How do I know if I’m buying a casting resin or doming resin?

When you buy a resin, it is going to be one or the other. If it that information isn’t on the packaging, ask! For the resins sold on Resin Obsession, we have that information in a PDF link in this article: resin casting

Can I apply multiple layers of doming resin or casting resin?

Both will take additional layers. You can wait until the previous layer is fully cured before applying the next layer, or if you only wait until the previous layer starts to gel, you can pour the next layer and minimize the lines between them.

If you want to see differences between doming resin and casting resin, this video shows you:

What other questions do you have about using casting resin or doming resin?

You can buy both kinds of resin here.

Unpublished Blog Posts of Resin Obsession, LLC © 2018 Resin Obsession, LLC

23 thoughts on “Doming resin casting resin

  1. I’ve been trying to coat polymer clay earrings that I put an image on to (baked in) with the doming resin and find that many times when I think I’ve put enough on it starts to pull back from the edges (no rims on the earrings) or leaves a dry spot. If I try to correct this after the resin hardens it doesn’t blend in. Any suggestions? BTW this video is great.

  2. I have seaglass, small shells and some pottery shards glued to an old window and want to use resin like grout for the mosaic. I am still not sure if I need doming or casting. I have not used resin before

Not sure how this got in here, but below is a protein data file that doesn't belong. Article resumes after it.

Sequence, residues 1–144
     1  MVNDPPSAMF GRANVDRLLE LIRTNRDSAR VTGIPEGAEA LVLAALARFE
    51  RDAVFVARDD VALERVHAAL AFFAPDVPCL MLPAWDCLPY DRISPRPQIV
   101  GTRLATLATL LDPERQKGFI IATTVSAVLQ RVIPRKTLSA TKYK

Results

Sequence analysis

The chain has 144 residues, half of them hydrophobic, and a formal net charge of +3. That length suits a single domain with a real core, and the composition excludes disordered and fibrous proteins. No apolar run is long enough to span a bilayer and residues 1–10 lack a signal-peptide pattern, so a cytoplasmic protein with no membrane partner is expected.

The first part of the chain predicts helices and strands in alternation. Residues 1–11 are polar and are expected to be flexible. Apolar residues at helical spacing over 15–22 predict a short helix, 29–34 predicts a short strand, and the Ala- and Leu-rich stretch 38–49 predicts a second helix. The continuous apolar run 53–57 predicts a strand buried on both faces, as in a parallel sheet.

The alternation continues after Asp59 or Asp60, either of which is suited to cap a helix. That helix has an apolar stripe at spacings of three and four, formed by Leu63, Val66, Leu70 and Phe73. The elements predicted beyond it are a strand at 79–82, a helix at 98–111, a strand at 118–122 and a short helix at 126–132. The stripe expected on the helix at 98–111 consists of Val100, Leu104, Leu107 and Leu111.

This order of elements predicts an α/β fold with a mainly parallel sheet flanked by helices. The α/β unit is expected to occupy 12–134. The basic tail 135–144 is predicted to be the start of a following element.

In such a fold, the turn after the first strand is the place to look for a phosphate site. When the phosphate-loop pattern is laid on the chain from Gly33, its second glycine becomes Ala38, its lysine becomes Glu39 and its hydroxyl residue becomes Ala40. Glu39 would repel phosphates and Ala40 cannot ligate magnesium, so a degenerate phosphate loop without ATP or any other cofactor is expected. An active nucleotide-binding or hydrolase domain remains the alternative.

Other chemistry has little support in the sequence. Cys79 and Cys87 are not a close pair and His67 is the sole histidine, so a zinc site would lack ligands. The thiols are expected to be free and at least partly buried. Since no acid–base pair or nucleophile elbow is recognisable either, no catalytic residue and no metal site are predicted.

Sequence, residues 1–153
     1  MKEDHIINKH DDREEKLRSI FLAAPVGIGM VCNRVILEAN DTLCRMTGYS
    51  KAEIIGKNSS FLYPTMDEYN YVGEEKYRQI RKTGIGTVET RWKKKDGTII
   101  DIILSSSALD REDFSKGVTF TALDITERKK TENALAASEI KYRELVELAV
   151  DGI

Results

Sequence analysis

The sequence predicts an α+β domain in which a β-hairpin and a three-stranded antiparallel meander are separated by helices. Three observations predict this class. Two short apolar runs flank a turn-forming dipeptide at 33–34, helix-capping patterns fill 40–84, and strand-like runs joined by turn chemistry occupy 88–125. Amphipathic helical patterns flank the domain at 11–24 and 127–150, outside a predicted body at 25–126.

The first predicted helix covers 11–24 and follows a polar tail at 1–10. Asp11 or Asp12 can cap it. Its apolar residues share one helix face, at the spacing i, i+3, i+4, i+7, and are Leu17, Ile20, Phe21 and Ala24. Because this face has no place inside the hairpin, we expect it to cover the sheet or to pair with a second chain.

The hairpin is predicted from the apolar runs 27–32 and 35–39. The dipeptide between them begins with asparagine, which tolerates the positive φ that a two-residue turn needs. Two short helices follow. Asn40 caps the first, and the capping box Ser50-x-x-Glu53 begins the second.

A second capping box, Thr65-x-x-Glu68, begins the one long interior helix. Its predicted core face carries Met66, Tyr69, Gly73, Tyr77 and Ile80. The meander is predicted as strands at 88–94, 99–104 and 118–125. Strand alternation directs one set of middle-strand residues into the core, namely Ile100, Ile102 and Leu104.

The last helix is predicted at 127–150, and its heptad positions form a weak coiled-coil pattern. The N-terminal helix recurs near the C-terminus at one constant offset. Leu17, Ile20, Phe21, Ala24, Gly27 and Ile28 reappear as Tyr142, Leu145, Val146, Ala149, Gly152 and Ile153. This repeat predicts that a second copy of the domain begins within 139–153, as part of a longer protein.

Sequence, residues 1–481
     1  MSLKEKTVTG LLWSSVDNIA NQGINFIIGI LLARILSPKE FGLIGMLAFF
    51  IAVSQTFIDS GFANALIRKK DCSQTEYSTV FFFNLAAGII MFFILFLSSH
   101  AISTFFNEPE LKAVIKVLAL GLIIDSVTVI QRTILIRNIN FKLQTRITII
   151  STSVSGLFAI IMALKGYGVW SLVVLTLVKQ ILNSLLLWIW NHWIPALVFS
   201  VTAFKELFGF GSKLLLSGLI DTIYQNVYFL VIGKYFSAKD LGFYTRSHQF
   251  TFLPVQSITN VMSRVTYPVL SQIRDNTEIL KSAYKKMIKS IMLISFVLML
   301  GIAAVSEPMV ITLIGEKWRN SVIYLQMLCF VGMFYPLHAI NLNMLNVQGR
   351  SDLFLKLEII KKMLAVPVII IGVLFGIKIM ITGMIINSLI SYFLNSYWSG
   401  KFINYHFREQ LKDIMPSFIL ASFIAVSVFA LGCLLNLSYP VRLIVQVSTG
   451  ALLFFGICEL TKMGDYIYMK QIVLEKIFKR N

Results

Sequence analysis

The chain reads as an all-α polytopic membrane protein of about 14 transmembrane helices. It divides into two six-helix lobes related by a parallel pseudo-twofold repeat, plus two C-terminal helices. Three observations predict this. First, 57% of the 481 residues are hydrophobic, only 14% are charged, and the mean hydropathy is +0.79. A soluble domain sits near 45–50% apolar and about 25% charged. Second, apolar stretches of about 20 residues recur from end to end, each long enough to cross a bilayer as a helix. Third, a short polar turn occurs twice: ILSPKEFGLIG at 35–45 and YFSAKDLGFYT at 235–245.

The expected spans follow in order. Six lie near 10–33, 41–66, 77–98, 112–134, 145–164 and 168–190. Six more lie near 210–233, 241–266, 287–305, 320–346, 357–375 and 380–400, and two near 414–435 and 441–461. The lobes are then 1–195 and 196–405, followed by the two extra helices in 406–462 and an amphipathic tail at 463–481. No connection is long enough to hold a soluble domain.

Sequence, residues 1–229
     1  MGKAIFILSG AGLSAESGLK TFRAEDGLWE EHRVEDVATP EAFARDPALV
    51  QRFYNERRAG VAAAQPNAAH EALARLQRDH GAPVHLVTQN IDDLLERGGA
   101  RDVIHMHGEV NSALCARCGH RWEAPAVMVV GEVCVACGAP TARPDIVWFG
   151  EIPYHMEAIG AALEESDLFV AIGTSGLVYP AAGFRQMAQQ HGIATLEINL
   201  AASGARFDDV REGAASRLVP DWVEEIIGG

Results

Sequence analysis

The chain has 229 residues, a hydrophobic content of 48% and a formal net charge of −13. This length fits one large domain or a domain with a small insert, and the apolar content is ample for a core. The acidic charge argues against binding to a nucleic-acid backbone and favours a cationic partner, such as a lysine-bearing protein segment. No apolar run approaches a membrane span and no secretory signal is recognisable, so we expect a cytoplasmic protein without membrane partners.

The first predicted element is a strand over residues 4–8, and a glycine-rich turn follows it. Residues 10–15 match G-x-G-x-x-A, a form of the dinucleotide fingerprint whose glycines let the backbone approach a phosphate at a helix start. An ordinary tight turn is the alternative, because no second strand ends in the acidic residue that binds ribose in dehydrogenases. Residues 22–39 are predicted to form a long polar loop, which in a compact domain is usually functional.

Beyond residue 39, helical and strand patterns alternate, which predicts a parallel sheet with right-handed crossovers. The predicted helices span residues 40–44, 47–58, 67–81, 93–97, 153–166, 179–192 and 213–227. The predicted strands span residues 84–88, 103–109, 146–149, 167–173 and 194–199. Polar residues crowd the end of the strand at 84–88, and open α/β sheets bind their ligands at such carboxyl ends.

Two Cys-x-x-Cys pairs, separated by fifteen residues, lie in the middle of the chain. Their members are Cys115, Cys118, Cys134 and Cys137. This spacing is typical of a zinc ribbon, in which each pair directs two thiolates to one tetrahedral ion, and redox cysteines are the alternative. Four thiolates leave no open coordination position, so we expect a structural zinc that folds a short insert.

3. Why can’t you use some resins on wood? I’ve got a table and the top is timber Pailings with a gap between each one. I know it’s a design feature but it’s not good for crumbs. I want to pour resin into each gap. But I think I’ve bought the wrong product. It’s called Kleer Cast by Norski

    1. Some resins shrink too much after curing and can pull away from the wood. What kind of resin is Kleer Cast? I’m not familiar with that one.

  4. if my resin is gooey after curing time what do I do, or what can I do. I did a 6 pane window with seaglass I want to hang inside but it i hang it will it run?

  5. Hi, and thanks for all the helpful advice above.
    I am trying to make some drink coasters on ceramic tiles. The painting part is fun and works out well. However, I can’t get any resin to go hard enough to withstand a hot coffee cup without getting indentations from the cup base. Even after 2 weeks it still happens. The only doming resin in my local (ie. New Zealand) hardware store is by Norski. I have also tried a casting resin and a clear polyurethane varnish. Any ideas?

  6. Thank you for responding, your answer really helped. I am VERY new to this, but I’m also very eager to expand my creative side with resin! After watching your vid, I also learned that I’m going to have to make a contraption of some sort to rotate the piece (a mannequin head) 180 degrees throughout the process which will be tricky because I need the resin to cover the entire piece, top of the head to the base.

  7. I have mistakenly bought the casting resin to seal artwork. One coat and I see the non coverage. If I put another coat of this resin will it eventually make a smooth coverage? Or do I have to get some doming resin to do the next coat?